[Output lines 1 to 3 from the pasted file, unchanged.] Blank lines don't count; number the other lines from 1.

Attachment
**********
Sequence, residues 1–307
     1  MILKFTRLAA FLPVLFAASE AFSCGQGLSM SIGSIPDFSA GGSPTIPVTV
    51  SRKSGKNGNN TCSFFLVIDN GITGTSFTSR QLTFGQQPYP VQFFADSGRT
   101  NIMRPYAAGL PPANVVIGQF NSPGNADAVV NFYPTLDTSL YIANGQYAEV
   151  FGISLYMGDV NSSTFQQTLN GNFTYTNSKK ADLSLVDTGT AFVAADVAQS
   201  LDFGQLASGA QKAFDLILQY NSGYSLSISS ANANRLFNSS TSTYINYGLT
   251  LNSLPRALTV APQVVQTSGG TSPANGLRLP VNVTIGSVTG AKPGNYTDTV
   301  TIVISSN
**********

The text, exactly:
Sequence, residues 1–307
     1  MILKFTRLAA FLPVLFAASE AFSCGQGLSM SIGSIPDFSA GGSPTIPVTV
    51  SRKSGKNGNN TCSFFLVIDN GITGTSFTSR QLTFGQQPYP VQFFADSGRT